Roman Numerals Converter

Hello guys,

I have just created this humble little algorithm for one of the JS projects.

Could you kindly let me know about my probable big chunk of flaws, advice or observations?

Thanks in advance =D

I am here considering this data structure, consisting in an Array of Objects(I preferred it over creating it and wasting more lines of code) which in my opinion is more readable and closer to real-life basic precautions for better readability and reliability.

This recursive function is a reducer, consisting of the following logic:

=> Gets the input number and checks for the closest(biggest) number available.

=> Finds the corresponding number´s numeral (item id) and pushes it into an array.

=> Subtracts the numeral found from the input value and checks for a reminder

=> In case there is a reminder left (input value - numeral found) run the function again

=> When the reminder is 0, join the array and return the function´s value

const alg = (numb, arr) => {
      const romanNumbers = [
        { id: "I", val: 1 },
        { id: "IV", val: 4 },
        { id: "V", val: 5 },
        { id: "IX", val: 9 },
        { id: "X", val: 10 },
        { id: "XL", val: 40 },
        { id: "L", val: 50 },
        { id: "XC", val: 90 },
        { id: "C", val: 100 },
        { id: "CD", val: 400 },
        { id: "D", val: 500 },
        { id: "CM", val: 900 },
        { id: "M", val: 1000 }
      const reducer = numb =>
        .reduce((a, b) => ({ val: b.val > numb ? a.val : b.val }));
        .filter(v => v.val === reducer(numb).val)
        .map(v =>;
      const res = numb - reducer(numb).val;
      return res > 0 ? alg(res, arr) : arr.join("");
  const convertToRoman = num => alg(num, [])

Honestly, I wouldn’t use recursion at all. Loop is almost always better approach.
But I did a quick look and here are couple comments:

const alg = (numb, arr) => {
  const romanNumbers = [
    { id: 'I', val: 1 },
    { id: 'IV', val: 4 },
    { id: 'V', val: 5 },
    { id: 'IX', val: 9 },
    { id: 'X', val: 10 },
    { id: 'XL', val: 40 },
    { id: 'L', val: 50 },
    { id: 'XC', val: 90 },
    { id: 'C', val: 100 },
    { id: 'CD', val: 400 },
    { id: 'D', val: 500 },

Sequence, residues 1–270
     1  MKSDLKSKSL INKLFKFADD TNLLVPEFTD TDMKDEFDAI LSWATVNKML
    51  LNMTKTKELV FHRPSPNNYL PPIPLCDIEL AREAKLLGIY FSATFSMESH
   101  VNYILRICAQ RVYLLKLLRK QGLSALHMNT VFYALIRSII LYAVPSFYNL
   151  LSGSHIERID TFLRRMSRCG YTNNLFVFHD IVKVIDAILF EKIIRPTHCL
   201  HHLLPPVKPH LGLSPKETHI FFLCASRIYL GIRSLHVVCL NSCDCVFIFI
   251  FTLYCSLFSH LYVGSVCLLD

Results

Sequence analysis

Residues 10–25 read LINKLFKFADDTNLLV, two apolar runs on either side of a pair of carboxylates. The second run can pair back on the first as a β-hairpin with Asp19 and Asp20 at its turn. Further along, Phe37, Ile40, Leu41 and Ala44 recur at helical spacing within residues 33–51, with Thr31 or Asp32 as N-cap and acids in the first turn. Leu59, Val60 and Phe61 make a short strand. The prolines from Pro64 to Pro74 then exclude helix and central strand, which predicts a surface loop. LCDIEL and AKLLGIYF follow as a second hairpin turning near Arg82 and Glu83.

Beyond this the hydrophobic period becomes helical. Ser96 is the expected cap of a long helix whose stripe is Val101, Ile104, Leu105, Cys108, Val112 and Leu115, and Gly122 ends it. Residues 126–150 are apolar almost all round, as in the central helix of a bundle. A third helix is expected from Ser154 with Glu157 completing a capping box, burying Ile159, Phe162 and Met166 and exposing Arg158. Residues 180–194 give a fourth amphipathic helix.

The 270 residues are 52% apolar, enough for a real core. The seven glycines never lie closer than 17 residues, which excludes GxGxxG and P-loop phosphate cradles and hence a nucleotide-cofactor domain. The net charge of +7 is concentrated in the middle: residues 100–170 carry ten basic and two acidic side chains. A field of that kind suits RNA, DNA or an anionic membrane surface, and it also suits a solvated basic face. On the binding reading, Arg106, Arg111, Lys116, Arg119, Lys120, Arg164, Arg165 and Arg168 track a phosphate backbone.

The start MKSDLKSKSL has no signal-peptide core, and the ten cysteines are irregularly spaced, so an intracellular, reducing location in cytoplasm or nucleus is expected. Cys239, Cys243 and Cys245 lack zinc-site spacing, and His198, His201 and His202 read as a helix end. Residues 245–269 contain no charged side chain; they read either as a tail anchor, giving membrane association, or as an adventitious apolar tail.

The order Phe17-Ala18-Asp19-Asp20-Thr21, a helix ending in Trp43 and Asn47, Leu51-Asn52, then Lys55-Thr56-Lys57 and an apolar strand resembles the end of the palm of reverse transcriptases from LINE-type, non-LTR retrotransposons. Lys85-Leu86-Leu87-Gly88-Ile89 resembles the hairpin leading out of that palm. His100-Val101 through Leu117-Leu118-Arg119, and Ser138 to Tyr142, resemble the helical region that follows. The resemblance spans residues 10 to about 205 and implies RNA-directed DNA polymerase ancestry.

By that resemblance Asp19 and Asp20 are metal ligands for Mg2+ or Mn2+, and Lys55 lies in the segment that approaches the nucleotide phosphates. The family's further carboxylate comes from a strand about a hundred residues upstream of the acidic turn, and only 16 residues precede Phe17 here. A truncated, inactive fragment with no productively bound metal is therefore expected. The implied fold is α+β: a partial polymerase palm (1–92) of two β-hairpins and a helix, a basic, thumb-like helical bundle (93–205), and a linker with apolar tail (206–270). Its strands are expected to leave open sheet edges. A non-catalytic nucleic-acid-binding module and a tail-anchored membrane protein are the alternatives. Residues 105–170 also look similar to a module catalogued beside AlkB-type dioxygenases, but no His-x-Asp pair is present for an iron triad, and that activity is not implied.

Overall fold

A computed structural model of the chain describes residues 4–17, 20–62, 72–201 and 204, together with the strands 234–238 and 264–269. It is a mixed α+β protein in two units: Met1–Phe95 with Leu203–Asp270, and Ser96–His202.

{ id: 'CM', val: 900 },
    { id: 'M', val: 1000 },

  // regular loop would be better, because it allows for early return
  const reducer = (numb) =>
    romanNumbers.reduce((a, b) => ({ val: b.val > numb ? a.val : b.val }));

  // save to variable to avoid unnecessary calls
  const currentVal = reducer(numb).val;

  // filter() + map() could be replaced with find()
  arr.push(romanNumbers.find((v) => v.val === currentVal).id);

  const res = numb - currentVal;

  return res > 0 ? alg(res, arr) : arr.join('');

const convertToRoman = (num) => alg(num, []);

Thanks very much for the reply! I will keep your advices in mind. Could you please go a little bit deeper regarding the fact that recursion should be avoided in such a way? Is there such a big performance diference in between these two approaches? Considering a same approach, of having an array of numerals with a loop Wouldn´t it lead to an iteration performed a number of times in order to achieve whatever logic is being passed to possibly create an array of numerals and join them in the end anyway?

When I privately save the reducer function into a variable(currentVal in this case), the function saves a snapshot of its pointer(as it is pointing to an object in this case), avoiding the unnecessary calls? Could you please talk about it as well?

I did not not figure about using find() haha. I fragmented the logic in my mind and did not figure this approach =D. Thanks!!

I didn’t say that recursion should be avoided. But you should aim to write simple code because code is more often read than it’s written and (at least to me) reading recursive code is harder than reading simple loop.
(Btw, there are languages where recursion is the only way to do looping)

You create function expression, but then you call it two times. To avoid unnecessary second call, save the result of the first call to a variable.

Oh, now I see what you´re saying about recursion… Yes the simpler the better…

Well, the deal was that I wanted to use this approach for me to exercise recursion in this implementation. I have been using as many recursion as possible for these last days in order to strengthen this way of thinking.

Once again, thanks very much for sparing some of your time shedding some light into my learning process =D